House rids anti-dis­crim­i­na­tion rule for car loans to mi­nori­ties

South Florida Times - - BUSINESS - Maxine Wa­ters By As­so­ci­ated Press

KEVIN FREKING

WASH­ING­TON (AP) — The GOP-led House of Rep­re­sen­ta­tives voted Tues­day to kill guid­ance from a con­sumer pro­tec­tion agency aimed at ensuring lenders didn't charge mi­nor­ity con­sumers more on car loans. Repub­li­cans have made the roll­back of gov­ern­ment reg­u­la­tions a high pri­or­ity. In this case, they say the Con­sumer Fi­nan­cial Pro­tec­tion Bureau made a back­door at­tempt to reg­u­late how auto deal­ers ne­go­ti­ate loan terms with their cus­tomers, even though Congress ex­plic­itly ex­empted auto deal­ers from the agency's over­sight.

Auto deal­ers of­ten fa­cil­i­tate fi­nanc­ing through a third-party lender. In some cases, the dealer will charge the cus­tomer an in­ter­est rate that is higher than what the third party agreed to charge. The lender then shares part or all of the ex­tra profit with the dealer. The CFPB said the prac­tice led to some mi­nor­ity cus­tomers pay­ing higher in­ter­est rates than sim­i­lar white bor­row­ers. In its guid­ance, it high­lighted the po­ten­tial li­a­bil­ity auto lenders face from dis­crim­i­na­tory "dealer mark-ups" and how that can be avoided.

Crit­ics, in­clud­ing the U.S. Cham­ber of Commerce and the Na­tional Auto Deal­ers As­so­ci­a­tion, said that they ab­hor dis­crim­i­na­tion but that the con­sumer bureau pro­vided lit­tle con­crete ev­i­dence of the prob­lems that its guid­ance was in­tended to ad­dress. The pow­er­ful busi­ness groups called on House law­mak­ers to join the Se­nate in vot­ing to block the agency's guid­ance.With the House vote of 234-175, the mea­sure goes to Pres­i­dent Don­ald Trump for his sig­na­ture.

So far, Repub­li­cans in Congress and Trump have re­pealed 15 rules de­signed to pro­vide health, con­sumer and en­vi­ron­men­tal pro­tec­tions.

Most of the rules were fi­nal­ized dur­ing the Obama ad­min­is­tra­tion's fi­nal months. Repub­li­cans say their reg­u­la­tory roll­backs are res­cu­ing busi­nesses from bur­den­some gov­ern­ment rules.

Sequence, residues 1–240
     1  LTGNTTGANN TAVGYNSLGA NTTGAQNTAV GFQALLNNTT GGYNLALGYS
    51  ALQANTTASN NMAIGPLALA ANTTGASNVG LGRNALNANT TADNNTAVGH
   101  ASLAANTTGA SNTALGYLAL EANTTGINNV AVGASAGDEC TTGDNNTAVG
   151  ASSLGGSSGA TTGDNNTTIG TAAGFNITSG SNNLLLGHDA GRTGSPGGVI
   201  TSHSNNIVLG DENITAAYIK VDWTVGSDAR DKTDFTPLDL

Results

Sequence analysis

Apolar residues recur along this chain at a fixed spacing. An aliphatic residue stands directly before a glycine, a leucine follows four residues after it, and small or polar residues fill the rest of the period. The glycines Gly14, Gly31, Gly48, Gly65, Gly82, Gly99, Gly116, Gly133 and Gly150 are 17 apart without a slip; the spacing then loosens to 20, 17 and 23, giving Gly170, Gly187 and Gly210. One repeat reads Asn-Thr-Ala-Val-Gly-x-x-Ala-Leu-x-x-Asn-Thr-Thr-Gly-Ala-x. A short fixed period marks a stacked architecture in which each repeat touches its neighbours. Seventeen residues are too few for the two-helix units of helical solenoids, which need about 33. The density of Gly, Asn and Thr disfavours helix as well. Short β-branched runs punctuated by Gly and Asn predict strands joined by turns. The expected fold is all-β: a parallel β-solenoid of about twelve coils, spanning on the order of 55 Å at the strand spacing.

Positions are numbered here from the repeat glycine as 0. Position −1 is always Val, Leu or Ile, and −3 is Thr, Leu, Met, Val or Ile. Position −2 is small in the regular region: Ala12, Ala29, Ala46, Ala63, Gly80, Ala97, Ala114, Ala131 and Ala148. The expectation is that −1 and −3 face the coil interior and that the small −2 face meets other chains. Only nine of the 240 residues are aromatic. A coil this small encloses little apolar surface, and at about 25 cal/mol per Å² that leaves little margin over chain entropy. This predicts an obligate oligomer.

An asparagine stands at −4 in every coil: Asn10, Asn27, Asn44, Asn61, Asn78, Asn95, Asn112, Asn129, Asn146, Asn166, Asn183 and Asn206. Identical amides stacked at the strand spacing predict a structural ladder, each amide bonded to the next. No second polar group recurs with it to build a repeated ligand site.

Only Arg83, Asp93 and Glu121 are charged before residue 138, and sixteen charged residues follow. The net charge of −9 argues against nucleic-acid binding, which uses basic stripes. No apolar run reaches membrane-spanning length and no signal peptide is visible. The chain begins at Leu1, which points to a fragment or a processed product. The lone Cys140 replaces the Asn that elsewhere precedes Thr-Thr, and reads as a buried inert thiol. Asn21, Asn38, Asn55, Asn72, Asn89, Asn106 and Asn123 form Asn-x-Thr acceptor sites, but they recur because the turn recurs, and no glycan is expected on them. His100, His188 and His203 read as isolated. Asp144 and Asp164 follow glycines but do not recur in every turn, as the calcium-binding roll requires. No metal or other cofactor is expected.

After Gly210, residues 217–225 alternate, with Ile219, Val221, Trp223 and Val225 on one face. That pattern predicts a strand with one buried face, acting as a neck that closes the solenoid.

But the vote over auto lend­ing went to a new level because law­mak­ers voted to re­scind guid­ance is­sued five years ago. Such guid­ance con­veys to the pub­lic how reg­u­la­tors in­ter­pret ex­ist­ing law and what steps in­dus­tries should take to com­ply.

Rep. Mike Kelly, R-Pa., said that his fam­ily has sold thou­sands of cars over the years and that his ex­pe­ri­ence shows that auto deal­ers are try­ing to help peo­ple get af­ford­able trans­porta­tion. He said some­one can't be in busi­ness for 65 years do­ing it the wrong way.

"How in the world can you re­duce this down to dis­crim­i­na­tion?" said Kelly, who's white.

Rep. Maxine Wa­ters, DCalif., said she couldn't believe that in 2018 col­leagues were try­ing to deny that dis­crim­i­na­tion takes place in the fi­nanc­ing of au­tos. She said, "Women have been taken ad­van­tage of, too."

"This res­o­lu­tion is one part of a wide­spread Repub­li­can ef­fort to make it more dif­fi­cult to hold fi­nan­cial in­sti­tu­tions re­spon­si­ble," said Wa­ters, who's black.

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